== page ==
Phishing actors are actively abusing Calendly to kick off a clever sequence to trick targets into entering their email account credentials on the phishing page. Calendly is a very popular free calendar app with Zoom integration, used for scheduling meetings and appointments, and is commonly used by organizations to send out invitations for upcoming events. As such, using it to send out malicious links blends very well with the daily work of most victims, so it’s unlikely for these attempts to raise suspicions. Emails generated and sent by legitimate platforms are also commonly considered trustworthy by email security tools, so they tend to reach targeted inboxes rather than the spam folder. Finally, Calendly allows new users to register on the platform without entering credit card information or any other identification proof, making it an easy platform to abuse.
The first signs of Calendly abuse started towards the end of February, as reported by analysts at INKY. The phishing attack begins with phishing emails generated on the Calendly platform that inform the recipient they received new fax documents. To create these emails, the threat actors abused a Calendly feature that allows users to create customized invitation emails and an “Add Custom Link” function to insert a malicious link on the event page. That link is embedded on a “View Documents” button and injected into the calendar screen, so if clicked, it takes the recipient to the actual phishing landing page used to steal login credentials. INKY discovered that no matter the lures in this phishing campaign, the landing page always impersonated a Microsoft login form with the document supposedly blurred in the background. Any credentials entered in the dialog will go straight to the threat actors, while the victim will be prompted to enter them again due to supposedly entering a wrong password. This is a widespread trick in phishing campaigns today, as forcing the user to enter their credentials twice minimizes the chances of stealing passwords with typo errors and sometimes even helps in snatching two account credentials. After the second attempt, the victim is automatically redirected to the domain of the email account they entered to minimize the chances of the victim realizing the compromise.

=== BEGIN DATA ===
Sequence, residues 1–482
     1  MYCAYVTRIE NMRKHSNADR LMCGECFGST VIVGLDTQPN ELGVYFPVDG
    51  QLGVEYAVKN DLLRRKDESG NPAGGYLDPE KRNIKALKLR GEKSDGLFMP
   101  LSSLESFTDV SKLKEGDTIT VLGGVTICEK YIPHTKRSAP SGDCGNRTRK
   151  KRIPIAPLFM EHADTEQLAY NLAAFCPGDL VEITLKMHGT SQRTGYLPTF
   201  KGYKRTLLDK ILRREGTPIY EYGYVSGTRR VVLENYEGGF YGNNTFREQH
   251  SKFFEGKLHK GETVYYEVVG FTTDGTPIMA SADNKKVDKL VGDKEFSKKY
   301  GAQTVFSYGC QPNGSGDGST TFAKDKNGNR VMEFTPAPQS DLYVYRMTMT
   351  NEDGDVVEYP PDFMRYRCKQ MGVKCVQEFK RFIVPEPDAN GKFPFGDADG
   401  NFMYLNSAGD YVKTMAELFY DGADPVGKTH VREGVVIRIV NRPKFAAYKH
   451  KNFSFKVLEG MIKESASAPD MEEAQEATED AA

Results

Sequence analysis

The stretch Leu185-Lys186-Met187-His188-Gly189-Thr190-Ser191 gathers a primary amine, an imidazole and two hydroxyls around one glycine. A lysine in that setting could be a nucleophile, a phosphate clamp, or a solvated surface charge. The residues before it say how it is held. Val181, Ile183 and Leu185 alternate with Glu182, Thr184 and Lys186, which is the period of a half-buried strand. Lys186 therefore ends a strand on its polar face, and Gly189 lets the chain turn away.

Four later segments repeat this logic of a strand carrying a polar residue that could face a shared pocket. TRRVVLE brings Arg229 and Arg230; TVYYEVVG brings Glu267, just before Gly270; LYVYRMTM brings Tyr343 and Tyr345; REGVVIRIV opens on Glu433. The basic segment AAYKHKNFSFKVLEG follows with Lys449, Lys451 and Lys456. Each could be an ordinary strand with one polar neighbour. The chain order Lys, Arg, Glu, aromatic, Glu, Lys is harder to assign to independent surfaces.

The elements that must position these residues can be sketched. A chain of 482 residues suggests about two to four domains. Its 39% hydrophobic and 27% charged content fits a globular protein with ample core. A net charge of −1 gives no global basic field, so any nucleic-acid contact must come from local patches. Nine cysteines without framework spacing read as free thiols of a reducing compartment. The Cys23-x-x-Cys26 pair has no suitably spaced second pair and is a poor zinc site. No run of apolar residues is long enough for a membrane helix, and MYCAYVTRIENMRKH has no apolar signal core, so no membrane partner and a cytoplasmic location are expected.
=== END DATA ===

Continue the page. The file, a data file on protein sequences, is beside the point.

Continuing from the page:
Although this is the first time phishing actors have abused the Calendly platform, all other tricks employed in this campaign are standard. These include generating malicious messages sent from a legitimate online service, asking the user to log in to view a blurred document in the background, forcing the victims to enter their credentials twice, and redirecting them to a trustworthy website at the end. Two obvious signs of fraud in this campaign are the requirement to use Microsoft SharePoint credentials to view Calendly-hosted content and the URL on the phishing page, which is neither on the Microsoft domain or the Calendly domain. Finally, using a password manager is an easy way around all these tricks. If the URL on the login page doesn’t match the one stored in the vault, the credentials won’t be filled out.